Invest in Your Home

Consider investing in your home if you are able and don’t already own it. Paying off your mortgage will not only mean a reduced financial burden, but will also secure your home as an asset. Depending on your situation, your settlement money could be the opportunity for a sizable down payment on a new home, or an improvement on your current one.

Save for Retirement

Once you set aside for your emergency fund, consider setting aside for your retirement. Your financial adviser can help you decide what type of retirement fund is right for you based on your situation. Take advantage of this opportunity to save some capital for the years ahead when you’re no longer working.

Make or Update Your Will and Estate Plan

Regardless of financial status, you must consider how your assets will be passed on. Think about who you want to make financial decisions on your behalf if something happens to you. Use some of your funds to hire a will, estate and probate attorney to help you create a will and estate plan that ensures all your assets are accounted for.

Spending Your Settlement Responsibly

Your goal should be to tread carefully and not drain your funds with spontaneous or unusual purchases. With that being said, perhaps this is the opportunity to finally travel to a special destination, move to the place you’ve always dreamed of living in. Setting aside some of your settlement money for yourself is necessary and important.

Key Mistakes to Avoid with Your Settlement Funds

  • Quick Decisions: Whether spending or investing, wait to make decisions until fully understanding all there is to know about your settlement.
  • Bank Pitches: Expect highly motivated salespeople from your bank to immediately reach out with financial services and products from their own investment department. Don’t rush into any decisions before learning about all your options.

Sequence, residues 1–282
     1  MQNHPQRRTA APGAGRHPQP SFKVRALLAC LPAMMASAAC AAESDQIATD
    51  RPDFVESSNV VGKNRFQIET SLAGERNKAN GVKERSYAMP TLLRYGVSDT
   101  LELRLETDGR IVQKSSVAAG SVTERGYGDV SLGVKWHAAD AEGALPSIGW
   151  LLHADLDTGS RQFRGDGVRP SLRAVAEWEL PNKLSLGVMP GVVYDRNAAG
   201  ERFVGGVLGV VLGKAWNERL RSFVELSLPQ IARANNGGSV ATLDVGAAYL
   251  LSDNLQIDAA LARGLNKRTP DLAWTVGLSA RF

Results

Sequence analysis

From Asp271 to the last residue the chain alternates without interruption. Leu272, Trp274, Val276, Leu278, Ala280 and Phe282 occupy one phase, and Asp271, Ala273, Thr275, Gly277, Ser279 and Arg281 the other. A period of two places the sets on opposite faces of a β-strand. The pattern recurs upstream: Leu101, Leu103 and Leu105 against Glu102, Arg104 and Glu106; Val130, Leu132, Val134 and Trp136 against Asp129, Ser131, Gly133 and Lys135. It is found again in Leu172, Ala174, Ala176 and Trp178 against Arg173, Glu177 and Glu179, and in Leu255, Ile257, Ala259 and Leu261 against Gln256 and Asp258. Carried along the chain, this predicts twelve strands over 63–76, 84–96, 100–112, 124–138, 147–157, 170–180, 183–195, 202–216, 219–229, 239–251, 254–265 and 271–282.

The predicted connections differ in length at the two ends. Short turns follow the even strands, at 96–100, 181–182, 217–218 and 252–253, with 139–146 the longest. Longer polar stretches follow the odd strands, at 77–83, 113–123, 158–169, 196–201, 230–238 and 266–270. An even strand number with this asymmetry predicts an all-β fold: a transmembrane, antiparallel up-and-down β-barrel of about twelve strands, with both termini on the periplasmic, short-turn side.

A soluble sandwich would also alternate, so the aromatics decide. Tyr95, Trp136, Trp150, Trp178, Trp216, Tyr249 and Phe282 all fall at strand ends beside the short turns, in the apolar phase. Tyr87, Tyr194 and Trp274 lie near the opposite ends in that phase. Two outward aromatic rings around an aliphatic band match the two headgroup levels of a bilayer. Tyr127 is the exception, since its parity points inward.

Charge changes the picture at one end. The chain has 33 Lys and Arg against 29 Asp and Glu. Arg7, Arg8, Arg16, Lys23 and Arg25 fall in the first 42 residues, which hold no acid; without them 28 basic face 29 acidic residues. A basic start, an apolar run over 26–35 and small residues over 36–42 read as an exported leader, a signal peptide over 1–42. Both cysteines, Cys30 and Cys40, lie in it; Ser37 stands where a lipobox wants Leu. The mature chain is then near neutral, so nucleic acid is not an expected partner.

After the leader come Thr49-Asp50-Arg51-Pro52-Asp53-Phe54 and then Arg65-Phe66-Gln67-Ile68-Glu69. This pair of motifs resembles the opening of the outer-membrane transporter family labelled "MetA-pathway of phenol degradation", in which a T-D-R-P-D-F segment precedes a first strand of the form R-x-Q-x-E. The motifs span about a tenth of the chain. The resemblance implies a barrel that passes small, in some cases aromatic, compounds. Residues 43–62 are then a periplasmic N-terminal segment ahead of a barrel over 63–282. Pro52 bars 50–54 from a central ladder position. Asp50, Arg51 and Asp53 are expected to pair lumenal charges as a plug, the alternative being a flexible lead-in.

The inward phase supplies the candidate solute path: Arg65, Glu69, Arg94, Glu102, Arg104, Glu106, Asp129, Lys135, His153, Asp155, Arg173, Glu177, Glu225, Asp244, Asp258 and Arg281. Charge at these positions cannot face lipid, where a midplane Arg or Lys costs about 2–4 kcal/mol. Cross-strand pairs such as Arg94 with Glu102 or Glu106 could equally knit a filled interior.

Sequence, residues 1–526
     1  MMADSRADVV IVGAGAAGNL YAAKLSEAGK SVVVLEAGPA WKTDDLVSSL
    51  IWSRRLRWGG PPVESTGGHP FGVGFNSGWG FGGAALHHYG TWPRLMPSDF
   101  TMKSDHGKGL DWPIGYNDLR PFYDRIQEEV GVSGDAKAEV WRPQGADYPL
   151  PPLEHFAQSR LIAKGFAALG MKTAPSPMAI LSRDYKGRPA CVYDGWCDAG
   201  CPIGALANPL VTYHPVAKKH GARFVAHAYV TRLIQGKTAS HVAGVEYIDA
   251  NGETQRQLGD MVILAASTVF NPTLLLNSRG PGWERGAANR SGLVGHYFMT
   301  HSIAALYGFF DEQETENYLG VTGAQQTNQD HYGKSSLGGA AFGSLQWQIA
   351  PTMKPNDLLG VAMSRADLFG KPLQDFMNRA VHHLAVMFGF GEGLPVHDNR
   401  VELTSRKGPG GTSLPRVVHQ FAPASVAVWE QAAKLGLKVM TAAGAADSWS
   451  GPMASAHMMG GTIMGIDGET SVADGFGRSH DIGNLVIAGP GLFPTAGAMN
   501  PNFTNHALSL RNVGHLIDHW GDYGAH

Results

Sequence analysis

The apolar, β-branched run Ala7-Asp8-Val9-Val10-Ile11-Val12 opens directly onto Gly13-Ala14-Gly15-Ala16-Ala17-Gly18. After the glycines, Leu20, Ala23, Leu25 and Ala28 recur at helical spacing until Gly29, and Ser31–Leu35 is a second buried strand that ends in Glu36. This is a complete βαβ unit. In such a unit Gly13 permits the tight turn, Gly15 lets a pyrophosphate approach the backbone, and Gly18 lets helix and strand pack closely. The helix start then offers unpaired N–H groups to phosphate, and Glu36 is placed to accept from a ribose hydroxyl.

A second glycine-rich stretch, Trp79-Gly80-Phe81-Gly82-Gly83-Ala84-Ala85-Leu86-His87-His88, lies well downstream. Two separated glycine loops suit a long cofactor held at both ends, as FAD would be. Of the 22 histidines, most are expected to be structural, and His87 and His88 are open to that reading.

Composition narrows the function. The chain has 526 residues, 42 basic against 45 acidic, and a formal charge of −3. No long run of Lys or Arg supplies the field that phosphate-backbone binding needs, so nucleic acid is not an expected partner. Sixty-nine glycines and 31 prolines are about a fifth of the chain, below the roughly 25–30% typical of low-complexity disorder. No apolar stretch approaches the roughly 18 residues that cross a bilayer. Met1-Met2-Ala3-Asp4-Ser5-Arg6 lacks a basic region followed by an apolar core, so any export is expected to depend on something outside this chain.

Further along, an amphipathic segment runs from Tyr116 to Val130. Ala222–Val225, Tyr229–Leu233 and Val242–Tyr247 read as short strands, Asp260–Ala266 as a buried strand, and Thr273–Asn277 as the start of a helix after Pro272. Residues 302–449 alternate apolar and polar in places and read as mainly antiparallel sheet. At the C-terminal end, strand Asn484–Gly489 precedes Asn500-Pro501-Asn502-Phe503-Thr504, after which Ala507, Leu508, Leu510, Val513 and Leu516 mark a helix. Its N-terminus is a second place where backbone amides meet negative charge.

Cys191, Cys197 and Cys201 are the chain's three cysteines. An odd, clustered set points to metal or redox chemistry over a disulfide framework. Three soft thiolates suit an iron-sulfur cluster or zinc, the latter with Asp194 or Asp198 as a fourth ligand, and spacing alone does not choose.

• Get-Rich-Quick Schemes: Like the bank, people will try to manipulate you and pitch ideas for risk-free opportunities. Whether telemarketers or people you know, they don’t always have your best interests in mind.
  • Lending Too Much to Friends and Family: Giving to friends and loved ones can be a kind an generous thing to do. However, you should be wary of mixing finances with personal relationships. Consider the fact that these loans may go unpaid, and result in a uncomfortable situations where you aren’t guaranteed repayment.
  • Neglecting Responsibilities: It’s easy to feel like you have a new life after receiving a large amount of money, but don’t forget what mattered most to you before you had it. Maintaining your day-to-day lifestyle prior to receiving your settlement will preserve a sense of normalcy, giving you the freedom to prioritize your values, and continue to make clear-headed decisions in your best interest.

Contact a Personal Injury Attorney in New York

Reach out Sobo & Sobo at 855-468-7626 for a free consultation with an experienced personal injury lawyer. Our attorneys are waiting to fight for you to receive the highest possible settlement you deserve.